Mr Nhanha said he was pleased that Sentech did not have the intention to bill the CBs out of existence, and thanked the COO for the additional information, as he did not know that Sentech had granted the CBs and other stake-holders discounts and payment holidays. He agreed with the Chairperson that there must be a meeting between the SABC, Sentech and the Select Committee. Although Sentech might not be at liberty to discuss their relationship with their customers -- and if this was the case, he would accept it -- he wanted to know which customers had asked for payment holidays and what the total of all these payment holidays was.
He referred to what Dr Boloka had said about satellite owners, and asked at what stage the Sentech mandate was for developing its own satellites, and could South Africa could afford it.
Mr Arnolds said the Select Committee needed to have a meeting with the SABC and Sentech, and he wanted the Minister to be present.
Mr Leshope said that the debt of the SABC had started two years ago and it had almost repaid this debt. However, the Covid-19 pandemic had then happened, and the debt had escalated since then.
He responded to Mr Nhanha’s questions by saying that he would like to respect the contracts Sentech had with its customers and not say who had requested payment holidays. He would only say that ten of their customers had requested payment holidays.
He said the Sentech mandate was for developing its own satellites was currently under way. They had a business case which looked at their potential customer base, and the new mandate did have cost reduction features. The mandate was important because they wanted South Africa to have technological sovereignty and rely on its own technology, rather than external providers. The cost of the new mandate to launch the new satellites would be roughly R5 billion, which was worth it, because this would reduce the cost of connectivity and the cost of media access, and the satellites would be in space for 20 years.
The Chairperson asked how long this project would take
Mr Leshope responded that the project would take about five to seven years, because it would take some time to get it running, but the idea was to produce it locally.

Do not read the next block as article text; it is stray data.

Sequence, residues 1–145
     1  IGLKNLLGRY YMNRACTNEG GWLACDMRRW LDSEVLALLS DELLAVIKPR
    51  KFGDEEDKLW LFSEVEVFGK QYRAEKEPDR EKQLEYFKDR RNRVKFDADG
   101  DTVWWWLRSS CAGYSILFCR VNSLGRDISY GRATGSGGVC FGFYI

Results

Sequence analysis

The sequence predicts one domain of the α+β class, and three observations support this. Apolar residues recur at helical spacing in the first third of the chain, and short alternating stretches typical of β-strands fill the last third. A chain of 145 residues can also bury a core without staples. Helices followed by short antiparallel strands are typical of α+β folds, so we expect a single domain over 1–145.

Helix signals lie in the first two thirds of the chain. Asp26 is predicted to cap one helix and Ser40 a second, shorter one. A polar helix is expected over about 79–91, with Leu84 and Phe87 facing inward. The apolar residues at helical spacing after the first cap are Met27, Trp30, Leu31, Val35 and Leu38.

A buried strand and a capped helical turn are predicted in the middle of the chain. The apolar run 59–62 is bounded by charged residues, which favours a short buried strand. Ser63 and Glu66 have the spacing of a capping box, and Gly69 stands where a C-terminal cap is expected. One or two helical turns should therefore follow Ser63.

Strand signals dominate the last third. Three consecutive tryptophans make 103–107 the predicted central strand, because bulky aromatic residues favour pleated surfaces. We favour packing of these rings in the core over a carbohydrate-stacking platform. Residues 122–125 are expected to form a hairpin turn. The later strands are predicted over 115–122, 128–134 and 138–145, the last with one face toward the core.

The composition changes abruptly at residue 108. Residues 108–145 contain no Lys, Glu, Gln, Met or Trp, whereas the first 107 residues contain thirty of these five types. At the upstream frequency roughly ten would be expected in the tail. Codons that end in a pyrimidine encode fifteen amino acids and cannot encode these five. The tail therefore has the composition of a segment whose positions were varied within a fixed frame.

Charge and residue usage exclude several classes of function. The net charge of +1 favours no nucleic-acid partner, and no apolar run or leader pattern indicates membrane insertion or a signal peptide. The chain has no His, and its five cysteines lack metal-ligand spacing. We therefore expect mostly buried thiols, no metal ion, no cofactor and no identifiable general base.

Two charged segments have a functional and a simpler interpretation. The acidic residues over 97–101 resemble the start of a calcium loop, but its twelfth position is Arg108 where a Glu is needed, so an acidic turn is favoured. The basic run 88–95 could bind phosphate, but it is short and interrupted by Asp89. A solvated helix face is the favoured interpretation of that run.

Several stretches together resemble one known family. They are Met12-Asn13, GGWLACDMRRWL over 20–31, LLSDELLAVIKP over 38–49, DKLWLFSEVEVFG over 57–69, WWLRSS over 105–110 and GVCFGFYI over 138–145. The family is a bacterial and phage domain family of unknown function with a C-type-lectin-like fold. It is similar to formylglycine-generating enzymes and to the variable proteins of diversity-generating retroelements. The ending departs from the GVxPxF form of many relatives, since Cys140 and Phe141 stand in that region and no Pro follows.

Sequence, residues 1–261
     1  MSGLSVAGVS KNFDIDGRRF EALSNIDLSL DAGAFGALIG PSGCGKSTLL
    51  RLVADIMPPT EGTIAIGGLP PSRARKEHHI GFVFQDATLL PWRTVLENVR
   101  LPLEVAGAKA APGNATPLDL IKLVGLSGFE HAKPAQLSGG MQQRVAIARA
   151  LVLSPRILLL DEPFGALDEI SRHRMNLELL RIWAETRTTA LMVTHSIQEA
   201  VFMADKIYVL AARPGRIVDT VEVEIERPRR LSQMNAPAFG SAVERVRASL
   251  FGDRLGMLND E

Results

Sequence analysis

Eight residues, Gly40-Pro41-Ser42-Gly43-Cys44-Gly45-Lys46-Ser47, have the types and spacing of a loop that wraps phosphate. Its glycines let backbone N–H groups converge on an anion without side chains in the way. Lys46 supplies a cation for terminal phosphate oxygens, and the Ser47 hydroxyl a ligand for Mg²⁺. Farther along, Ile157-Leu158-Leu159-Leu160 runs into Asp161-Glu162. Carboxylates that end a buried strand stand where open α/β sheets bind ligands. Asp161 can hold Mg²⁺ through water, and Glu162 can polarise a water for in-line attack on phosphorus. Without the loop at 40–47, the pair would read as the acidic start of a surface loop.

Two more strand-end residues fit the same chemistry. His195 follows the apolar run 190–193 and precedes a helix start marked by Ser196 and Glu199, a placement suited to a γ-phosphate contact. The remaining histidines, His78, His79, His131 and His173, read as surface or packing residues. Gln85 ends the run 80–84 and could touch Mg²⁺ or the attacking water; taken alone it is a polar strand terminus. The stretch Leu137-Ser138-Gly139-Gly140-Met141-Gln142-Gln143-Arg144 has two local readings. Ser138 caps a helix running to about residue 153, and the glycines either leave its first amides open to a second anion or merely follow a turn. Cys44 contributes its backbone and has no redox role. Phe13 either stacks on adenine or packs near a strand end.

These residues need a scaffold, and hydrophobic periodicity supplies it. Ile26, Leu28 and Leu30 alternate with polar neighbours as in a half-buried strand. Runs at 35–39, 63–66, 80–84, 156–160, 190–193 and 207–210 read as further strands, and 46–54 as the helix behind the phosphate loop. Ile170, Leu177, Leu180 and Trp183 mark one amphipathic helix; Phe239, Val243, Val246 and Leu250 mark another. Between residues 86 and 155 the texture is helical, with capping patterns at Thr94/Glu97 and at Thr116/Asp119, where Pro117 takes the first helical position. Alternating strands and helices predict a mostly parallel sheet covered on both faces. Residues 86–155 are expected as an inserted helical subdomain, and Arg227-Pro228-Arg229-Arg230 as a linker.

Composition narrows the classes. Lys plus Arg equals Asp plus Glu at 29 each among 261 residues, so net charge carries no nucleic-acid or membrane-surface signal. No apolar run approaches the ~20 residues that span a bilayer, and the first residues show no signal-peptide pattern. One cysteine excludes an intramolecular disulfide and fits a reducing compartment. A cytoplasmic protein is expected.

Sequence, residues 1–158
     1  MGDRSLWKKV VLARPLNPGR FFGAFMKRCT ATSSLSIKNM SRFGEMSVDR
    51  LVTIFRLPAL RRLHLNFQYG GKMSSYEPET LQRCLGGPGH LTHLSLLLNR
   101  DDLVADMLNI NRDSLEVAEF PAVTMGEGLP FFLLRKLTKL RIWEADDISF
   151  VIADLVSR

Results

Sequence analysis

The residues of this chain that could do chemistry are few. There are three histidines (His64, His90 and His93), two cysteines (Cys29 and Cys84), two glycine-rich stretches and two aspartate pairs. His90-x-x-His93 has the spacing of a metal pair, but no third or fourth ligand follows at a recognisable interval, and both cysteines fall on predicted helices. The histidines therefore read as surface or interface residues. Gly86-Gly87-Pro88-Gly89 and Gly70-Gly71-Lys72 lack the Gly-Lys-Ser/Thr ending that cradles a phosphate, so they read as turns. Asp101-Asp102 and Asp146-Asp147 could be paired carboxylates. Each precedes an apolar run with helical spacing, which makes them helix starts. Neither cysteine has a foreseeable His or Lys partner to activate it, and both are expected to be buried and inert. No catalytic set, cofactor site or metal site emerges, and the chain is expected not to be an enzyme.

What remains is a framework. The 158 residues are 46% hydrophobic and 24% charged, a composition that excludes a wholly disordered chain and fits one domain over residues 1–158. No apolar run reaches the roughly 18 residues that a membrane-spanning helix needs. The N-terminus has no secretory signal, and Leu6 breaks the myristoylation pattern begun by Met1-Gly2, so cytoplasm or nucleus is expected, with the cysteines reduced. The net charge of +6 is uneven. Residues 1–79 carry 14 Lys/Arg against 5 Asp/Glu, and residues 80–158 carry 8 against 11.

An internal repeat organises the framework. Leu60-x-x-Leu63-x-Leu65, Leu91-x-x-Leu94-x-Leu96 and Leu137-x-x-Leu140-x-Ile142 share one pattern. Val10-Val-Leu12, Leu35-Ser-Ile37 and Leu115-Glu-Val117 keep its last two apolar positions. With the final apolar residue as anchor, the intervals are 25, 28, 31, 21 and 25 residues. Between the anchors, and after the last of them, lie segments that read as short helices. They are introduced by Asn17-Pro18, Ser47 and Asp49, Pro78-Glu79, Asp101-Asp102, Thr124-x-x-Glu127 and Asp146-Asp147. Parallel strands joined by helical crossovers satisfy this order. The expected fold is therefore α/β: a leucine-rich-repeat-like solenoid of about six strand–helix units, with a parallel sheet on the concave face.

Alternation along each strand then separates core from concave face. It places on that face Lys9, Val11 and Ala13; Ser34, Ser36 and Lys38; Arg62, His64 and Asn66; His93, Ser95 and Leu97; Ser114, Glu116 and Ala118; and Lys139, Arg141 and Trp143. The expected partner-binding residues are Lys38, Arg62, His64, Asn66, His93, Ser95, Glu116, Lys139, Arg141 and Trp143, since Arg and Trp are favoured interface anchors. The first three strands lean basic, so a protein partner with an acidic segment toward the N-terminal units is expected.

Dr Boloka wants to add his input to the earlier questions asked by Ms Bebee and Mr Nhanha.
Responding to the question of Ms Bebee, he said that the market would open more, not only for South Africans, but for International investors as well. Regarding the issue raised by Mr Nhanha on the billing of CBs, he said that stations such as Jozi FM were very profitable, but stations situated in rural areas did not have the means to survive and needed government support. The CBs were very important for delivering information in different languages, so the government should do everything they could to help them. The DCDT and Sentech would have to ensure that technologically the CBs did not fall behind as a result of digital migration.
The BBI and Sentech merger would happen in 2022 because of all the processes that needed to take place, and they had already completed the business cases. The DCDT had advised Sentech and the BBI to start working on projects together next year, and not to compete for projects. The DCDT was supporting Sentech on their new project, and the new mandate of launching the satellites would be cheap and would create jobs.
Mr Nhanha said Dr Boloka had misunderstood the point he was trying to make regarding the support given to the CBs. He did not want to be in the newspapers tomorrow, being quoted that the DA was against the government supporting the CBs. For the record, the DA did not have an issue with this. The point he was trying to make was that the government would always support CBs, but the issue was whether this would be a sustainable way of going forward, and he had wanted to know if Sentech had come up with an idea to support the CBs in a sustainable way.
He suggested that the Committee must be briefed by Sentech and the DCDT on the new project when the time was right and it was safe to do so. The lifespan of the satellite was 20 years, as the COO had said, and he was confident that they would receive their investment of R5 billion back in those years. Had Sentech thought about expanding their services to other countries?
Mr Leshope responded that Sentech had considered expanding their services to neighbouring countries, where they saw potential for 30% usage.
Dr Boloka apologised to Mr Nhanha for the misunderstanding, and said the CBs were very close to the hearts of the Committee. He requested everybody to play their part in ensuring that this sector was sustainable, whether it was through donations or Departmental intervention.
Regarding the issue of the satellites, the project might not be profitable if only South Africa was making use of it, which was why they should extend it to neighbouring countries. They needed to act fast, because once the international satellites had customers tied up in a contract, it would be difficult for them to reach their target markets
Mr Nhanha said he had not heard a response to the proposal of Sentech briefing the Select Committee on their new satellite project
The Chairperson replied that there was no need for a response, because the Committee would need them to discuss their project and discuss progress made, because it was very important.
The Chairperson asked the Secretary to deal with the Committee’s internal logistics.
The Secretary took the Committee through the minutes of 16 September, and 7, 14 and 21 October 2020.
The minutes were considered and adopted without amendment.
The meeting was adjourned.